Larger LIPO batteries of more than 100Wh will need the airline’s approval to be packed inside carry-on baggage. Packing more than 2 spare batteries is not allowed in case of batteries more than 100Wh. To prevent any short circuit, it is good to retain the batteries in their original packaging. Alternatively, you can use a separate pouch or pocket or a battery case.
Many airlines permit packing LIPO batteries inside checked baggage if they are 100Wh or lesser and if they are properly installed in their respective slots inside the drone. For packing LIPO batteries of more than 100Wh, you will need to get special permission from the airline.
Irrespective of the Wh of the LIPO battery you are carrying with you, airlines allow only those that are installed inside the drone in checked baggage. If you want to carry spare batteries with you, you must pack them in your carry-on and also make sure that they are properly secured inside their original packaging, a separate pouch, or a packet or pouch.
How To Find Out The Wh Of Your Drone Battery
Most drone batteries have Wh lesser than 100. To know the Wh of your drone battery, you can use the formula Wh = V (volts) x Ah (Ampere hours). For example, if the battery is marked 12 volts and 8 Amp-hours, the Wh of the battery is 12 X 8 = 96.
The list of items prohibited by TSA and the FAA guidelines regarding batteries the airline passengers carry will give you more ideas on packing your LIPO batteries.
How To Take Your Drone Through Customs
In most cases, the national or civil aviation authority of the country makes and administers the drone regulations. In the U.S.A., the Federal Aviation Authority sets and enforces the regulations governing drones. In understanding the drone laws of a given country, it is important to know the civil aviation authority in the country.
When you fly with your drone to countries in which flying a drone is legal, you must get to know the drone laws of the land. Also, it is good to check if there are any drone laws specific to foreigners. Some countries require foreigners to get special permission to fly drones inside their boundaries. In fact, there are also countries that have banned foreigners from getting drones inside their portals.
Understand if you need to register the drone with the civil or national aviation authority of the country. You must follow the country’s requirements for drone certification and license. The laws in some countries might require you to prove your flight proficiency or take a test to validate your aeronautical knowledge. This is most likely to happen in case you are flying your drone for commercial or professional purposes.
In case of travelling to countries where the local laws do not permit flying a drone, it is highly recommended that you do not take your drone. Violation of this rule might result in the confiscating of your flying machine at customs. In some cases, it may not be returned to you at the end of your trip.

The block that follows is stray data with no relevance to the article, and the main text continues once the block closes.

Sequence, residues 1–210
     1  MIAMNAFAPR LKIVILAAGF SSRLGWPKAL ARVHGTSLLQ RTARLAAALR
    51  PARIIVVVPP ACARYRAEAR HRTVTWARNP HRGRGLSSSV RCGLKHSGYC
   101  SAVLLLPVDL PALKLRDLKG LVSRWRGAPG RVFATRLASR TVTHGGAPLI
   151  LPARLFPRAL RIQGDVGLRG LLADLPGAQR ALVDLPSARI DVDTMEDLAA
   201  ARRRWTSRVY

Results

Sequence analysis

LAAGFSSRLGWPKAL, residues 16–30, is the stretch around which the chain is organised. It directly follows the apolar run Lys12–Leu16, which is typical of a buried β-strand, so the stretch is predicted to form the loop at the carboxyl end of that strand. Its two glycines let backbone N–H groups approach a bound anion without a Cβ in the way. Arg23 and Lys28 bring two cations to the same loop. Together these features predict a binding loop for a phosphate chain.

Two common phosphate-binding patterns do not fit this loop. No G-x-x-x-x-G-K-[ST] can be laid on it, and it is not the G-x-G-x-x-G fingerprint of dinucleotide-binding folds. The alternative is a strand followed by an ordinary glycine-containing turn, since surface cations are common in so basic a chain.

When you travel to countries that have not established any drone laws, you must never go by the assumption that you are permitted to fly your drone in the country. Not having drone laws may not mean that the country is a drone-friendly destination. Such cases might mean that the authorities in those countries are against the use of drones by foreigners.
The same kind of cautionary guideline is applicable to getting a drone through customs. In countries where there are no drone-specific laws, the customs officials may prefer to confiscate the drone you are taking with you, while some might not do that. The underline here is that it is not possible to know the actual outcome until you actually pass your drone through the customs.
U.S. travellers may find this useful advice. Before travelling, check if you can register your drone with customs as a “Personal Effect Taken Abroad”. In this way, you can avoid any misunderstandings in future regarding if you have brought back the same drone with you during your return or if you are importing a new drone you have purchased abroad.
Drones can widen the exciting opportunities in front of you when it comes to photography or filming, especially in an exotic destination. However, taking a drone with you on air travel requires a bit of research and planning.
If you have done all the necessary groundwork, you can avoid the confiscation of your lovable companion. Also, when you follow the expert tips for packing, transporting and customs clearance of your drone, you will travel with enough peace of mind having secured your drone from any loss or damage.
Jon is a passionate photographer and videographer who has been flying DJI drones for over 5 years. He loves the freedom and creativity that comes with capturing aerial footage and the unique perspective it provides. Jon is always on the lookout for new locations to explore and capture with his DJI drones. His favorite DJI drone is the Mavic 2 Pro, which he uses to capture stunning 4K footage with its Hasselblad camera. Jon is always eager to share his knowledge and experience with other drone enthusiasts and is a member of several online drone communities. When he’s not flying his DJI drone, Jon enjoys hiking, camping, and spending time with his family.